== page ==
Two days full of information in New York, hundreds of ideas. Here’s the report on three individual topics that caught our attention.
Industry leaders took the stage in New York for the Skift Global Forum this week, sharing their views on travel and discussing new trends.
On the agenda, candid conversations with CEOs about how their businesses are performing post-pandemic, plenty of talk on the growth of blended travel and the future of work, and smart commentary on tackling the ongoing labor crisis.
But among the industry recordings heard by more than 700 people from the main stage and 800 more online, some alternative topics also emerged, from the psychology of marketing to how to run a business. Here is a summary.
Just Make It Up As You Go
Frederic Lalonde, Hopper’s energetic CEO, revealed how he likes to build new products. The secret is to be bold and experiment — even if it means losing. When asked which of her products lost “a ton of money,” she replied that it was anything new they were trying. “It blows up in our face every year,” he said.
However, some features that are being tested for a year may prove to be hits — like the new hotel cancellation policy.
“The trick is to try it with a small group. You spend a lot of money on a few people. You realize what you did well and then you escalate. If you do it the other way around, that’s bad,” Lalonde told the audience. “We have this subset of users that interact with us. We try and try to figure things out. It’s so wild, I don’t understand what we’re doing here.”
Lalonde, who is also a co-founder of the startup, said a recent flash sale took him by surprise. It sold “loot boxes” — treasure chests with a mystery gift, such as a coupon — for between $3 and $14 as part of a promotion in Puerto Rico.
“We sold more loot boxes than flights that day,” he said. “People were coming with this data and I was saying ‘this is wrong, this is not possible.’
Find out what else Lalonde had to say here.
Introduction to the minds of visitors
Coming out of the pandemic, online marketing is still a hot topic. Performance marketing was even described as medicine by one executive. But one speaker wants to tear up the rule book. For destinations like Africa, he wanted to know why the further away from reality the promoted experience is, the more expensive it costs.
Dr. Mordecai Oganda, environmentalist, conservationist and co-author of “The Big Conservation Lie,” questioned why the travel industry was branding Africa in a way that made the destination look like a scene from the movie “Out of Africa.”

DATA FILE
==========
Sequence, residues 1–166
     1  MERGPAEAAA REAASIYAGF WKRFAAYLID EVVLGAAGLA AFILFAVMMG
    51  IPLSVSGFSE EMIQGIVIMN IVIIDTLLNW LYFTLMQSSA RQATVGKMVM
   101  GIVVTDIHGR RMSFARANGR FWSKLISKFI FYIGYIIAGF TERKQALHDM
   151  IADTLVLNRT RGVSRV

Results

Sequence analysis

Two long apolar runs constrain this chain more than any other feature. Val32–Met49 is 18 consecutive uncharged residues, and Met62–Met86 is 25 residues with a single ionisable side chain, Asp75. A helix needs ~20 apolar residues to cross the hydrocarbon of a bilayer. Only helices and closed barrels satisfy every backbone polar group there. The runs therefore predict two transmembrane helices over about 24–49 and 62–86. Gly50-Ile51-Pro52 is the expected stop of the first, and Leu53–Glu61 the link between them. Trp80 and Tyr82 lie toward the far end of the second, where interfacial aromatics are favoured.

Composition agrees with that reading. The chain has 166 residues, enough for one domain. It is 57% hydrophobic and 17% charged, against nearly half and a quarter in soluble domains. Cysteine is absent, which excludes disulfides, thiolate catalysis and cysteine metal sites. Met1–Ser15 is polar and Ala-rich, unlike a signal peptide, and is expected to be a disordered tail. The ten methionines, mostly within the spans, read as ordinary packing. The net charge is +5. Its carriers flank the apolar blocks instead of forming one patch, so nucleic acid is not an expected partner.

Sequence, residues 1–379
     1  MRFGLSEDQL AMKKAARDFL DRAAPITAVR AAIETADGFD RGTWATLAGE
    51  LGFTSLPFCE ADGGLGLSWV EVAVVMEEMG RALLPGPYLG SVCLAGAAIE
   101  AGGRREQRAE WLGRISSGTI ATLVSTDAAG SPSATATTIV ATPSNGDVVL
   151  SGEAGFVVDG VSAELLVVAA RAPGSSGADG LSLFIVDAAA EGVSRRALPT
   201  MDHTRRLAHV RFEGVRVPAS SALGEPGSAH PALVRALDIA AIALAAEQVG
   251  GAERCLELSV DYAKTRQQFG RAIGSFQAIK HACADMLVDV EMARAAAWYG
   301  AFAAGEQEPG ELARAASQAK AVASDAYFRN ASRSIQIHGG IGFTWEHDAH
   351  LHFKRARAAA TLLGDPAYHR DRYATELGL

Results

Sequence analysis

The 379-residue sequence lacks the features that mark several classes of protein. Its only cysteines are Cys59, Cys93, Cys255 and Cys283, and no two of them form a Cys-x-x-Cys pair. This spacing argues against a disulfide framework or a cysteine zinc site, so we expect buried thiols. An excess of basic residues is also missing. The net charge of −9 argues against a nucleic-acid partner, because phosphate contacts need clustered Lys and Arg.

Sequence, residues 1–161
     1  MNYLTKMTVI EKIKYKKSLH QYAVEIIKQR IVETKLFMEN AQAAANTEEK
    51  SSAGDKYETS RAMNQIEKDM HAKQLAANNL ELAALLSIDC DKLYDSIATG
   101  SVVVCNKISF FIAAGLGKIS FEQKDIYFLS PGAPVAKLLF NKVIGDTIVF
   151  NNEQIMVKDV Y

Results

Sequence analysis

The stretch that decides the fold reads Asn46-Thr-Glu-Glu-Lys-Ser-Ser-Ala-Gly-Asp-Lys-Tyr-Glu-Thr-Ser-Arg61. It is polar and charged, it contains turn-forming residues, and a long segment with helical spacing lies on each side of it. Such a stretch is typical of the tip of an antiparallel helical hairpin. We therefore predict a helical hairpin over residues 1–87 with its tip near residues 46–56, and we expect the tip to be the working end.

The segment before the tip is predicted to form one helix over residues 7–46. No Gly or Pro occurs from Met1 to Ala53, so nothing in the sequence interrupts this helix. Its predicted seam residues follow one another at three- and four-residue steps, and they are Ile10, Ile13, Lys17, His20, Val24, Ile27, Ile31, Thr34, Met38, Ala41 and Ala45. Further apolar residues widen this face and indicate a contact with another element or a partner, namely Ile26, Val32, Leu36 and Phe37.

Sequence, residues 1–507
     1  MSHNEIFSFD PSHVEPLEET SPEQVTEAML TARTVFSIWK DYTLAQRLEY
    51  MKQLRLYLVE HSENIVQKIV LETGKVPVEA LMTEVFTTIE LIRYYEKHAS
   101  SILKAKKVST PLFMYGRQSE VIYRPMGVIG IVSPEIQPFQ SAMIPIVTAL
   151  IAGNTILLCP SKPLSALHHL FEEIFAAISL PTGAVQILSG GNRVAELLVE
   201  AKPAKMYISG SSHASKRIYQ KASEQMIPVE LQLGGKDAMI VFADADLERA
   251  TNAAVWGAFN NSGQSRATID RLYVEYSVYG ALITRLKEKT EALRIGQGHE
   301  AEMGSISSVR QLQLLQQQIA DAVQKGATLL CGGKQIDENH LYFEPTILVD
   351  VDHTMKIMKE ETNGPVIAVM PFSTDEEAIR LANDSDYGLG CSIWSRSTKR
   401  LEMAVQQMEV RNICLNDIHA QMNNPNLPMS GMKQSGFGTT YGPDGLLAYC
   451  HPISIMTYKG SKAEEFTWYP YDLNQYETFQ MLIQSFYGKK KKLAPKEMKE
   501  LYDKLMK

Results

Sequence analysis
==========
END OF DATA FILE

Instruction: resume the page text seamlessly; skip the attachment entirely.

“What exactly are we selling and where does it come from?” he said. “If you read our tourism experiences, they come from a place a little over a hundred years ago… the hunting, the beautiful wildlife, the scenery.”
But humans live in harmony with wildlife, he argued.
“Around all the tourism stuff, particularly safari tourism, you don’t see African people in a peaceful context with wildlife, yet it’s quite common,” he said. “And you don’t see the violence when we try to remove people from wildlife areas to make room for tourism. How real is what we sell? It’s a testament to the power of marketing that the tourism industry can still sell images taken from hundreds of years ago, mainly based on Tarzan.”
A lesson for all marketers is to make sure they’re selling images of what exists and asking for new standards and definitions, and “including black people in non-subservient positions.”
“And there are very few African-Americans in marketing, they just don’t see themselves. Almost all tourists see from America are white. We need to question the media’s role in this narrative,” he added.
Management styles and etiquette, unexpectedly, came up frequently over the course of the two days.
Josh D’Amaro, president of Disney Parks, Experiences and Products, spoke about the need for leaders to stay grounded and stay in touch with all of their employees.
He said he spends as much time as he can in the parks when not in meetings. “I will walk every corner of this park, or cruise ship, or store. And I’ll talk to anyone who crosses my path, whether it’s a cast member going out on Main Street selling balloons,” he said.
“From an industry perspective, as leaders it’s important that we all do this. Show up, make sure you’re there, not someone in a desk pushing some buttons. When you do that as a senior leader, you know what happens next. Everyone follows. What happens then is you have 170,000 cast members who see their leaders, they trust their leaders, they know who it is that they represent.”
Find out what else D’Amaro had to say here.